How much time do you spend on e-mail, facebook, or twitter? Most surveys suggest an internet-savvy person spends between 2-4 hours online every day. On the higher end, that is 25% of our conscious lives. That’s a lot of time spent on one activity!
Email and social media can be a great tool if used the right way. Email in particular keeps a digital “paper” trail, sends and receives vast amounts of information, are easily referenced, allow you to contact multiple people at once, and are fast and convenient.
However, more often than not, we spend excessive amounts of time online. It makes us feel busy and productive. In actuality, we waste a lot of time sitting at a computer staring at information that just scrambles our mind and distracts from our true ambitions and goals. We feel like we are really busy, but by reacting to information like email we are not making any forward momentum. Like addicts we sit there and wait for the next message to come in to give us that emotional high that then gives us something to do by responding, reading or forwarding.
What are we actually creating though? How are we moving closer to the life of our dreams?
Here are some tools and ideas to consider that will enhance your digital freedom:
1. Understand what you want.
When you know what your goals are in life or business, it’s easier to stay focused online. What are your goals for the next 30, 60, 90 days. What are you doing this week and this day to support them? Fill your life with activities and ambitions that give you energy, maximize your strengths, and allow you to contribute in the greatest way to this planet.
2. Treat the computer as a tool with very specific purposes.
Think of your computer time as time in a meeting. Before you sit down in front of a computer, know what you want to achieve, stay on task, close your eyes and visualize your intended outcome. With this technique, you can accomplish a day’s worth of work in a single one – hour session. If you are an internet junkie with e-mail and facebook, try checking your email while standing up or go to a coffee shop with internet and use that as your internet time. Rescue time is a great free software that will monitor your online activity and create customized productivity reports.
3. Reduce, reuse, and recycle email.
Reduce incoming e-mails by not signing up for RSS feeds or special offer programs. Set up filters to block junk and irrelevant mail. Reply to e-mails only when it is needed.
Reuse e-mails by saving past responses to common inquiries. Gmail and other platforms will allow you to save template emails. If an e-mail is vague, send it back and ask for clarification, don’t waste time deciphering it.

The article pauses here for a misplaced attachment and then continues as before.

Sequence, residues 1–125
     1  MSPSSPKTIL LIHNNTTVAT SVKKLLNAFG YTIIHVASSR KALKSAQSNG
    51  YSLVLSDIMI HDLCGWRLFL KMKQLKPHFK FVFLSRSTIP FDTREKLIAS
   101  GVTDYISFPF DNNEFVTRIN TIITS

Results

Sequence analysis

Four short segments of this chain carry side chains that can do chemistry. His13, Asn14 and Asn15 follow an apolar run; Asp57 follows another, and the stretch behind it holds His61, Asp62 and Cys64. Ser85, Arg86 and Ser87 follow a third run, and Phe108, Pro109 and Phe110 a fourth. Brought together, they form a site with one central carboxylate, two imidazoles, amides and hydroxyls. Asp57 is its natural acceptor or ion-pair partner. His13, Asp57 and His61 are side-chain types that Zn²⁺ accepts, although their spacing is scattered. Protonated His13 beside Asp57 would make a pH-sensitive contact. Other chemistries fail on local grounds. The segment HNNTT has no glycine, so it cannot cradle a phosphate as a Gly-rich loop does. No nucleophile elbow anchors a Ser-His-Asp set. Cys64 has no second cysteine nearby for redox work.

Recycle – Sort old e-mails into folders for quick reference. A sparse inbox also helps you focus on current messages. If junk mail gets out of hand, switch to a new e-mail account. Set up an auto-responder advising people that a new account is being set up and provide your new address (replacing @ with “at” to prevent bots from copying the new address). Anything important enough will find its way to your new e-mail account.
Timothy Ferriss has written a great blog post on how to outsource email from your life 6 days a week. Check out his blog post entitled the holy grail.
4. Go online at specific times.
Never check your e-mail or social media accounts first thing in the morning; it will only train your mind to focus on what other people want. Reserve 30 minute periods at 11am and 4pm to participate in online activity such as incoming email and social media. Use the time pressure that lunch and dinner can create for you as motivators.
5. Know when digital communication is appropriate.
E-mail is a great tool for conveying facts and information, but it’s not well-suited for everything. Try using the phone for personal discussions and urgent matters, or meeting in person to build real connections with sincerity and rapport. A hand written thank you note can leave a lasting impression for someone, and will sit on their desk or book case for months and years to come. Make a habit of writing 1-2 to hand written notes per week and watch the quality of your relationships soar.
In summary, digital freedom is something that we can all have. The internet can enhance the quality of our lives if used approriately, but to create a meaningful difference in our lives we must have the discipline to let go and focus on the more important activities that are found offline.
To your success,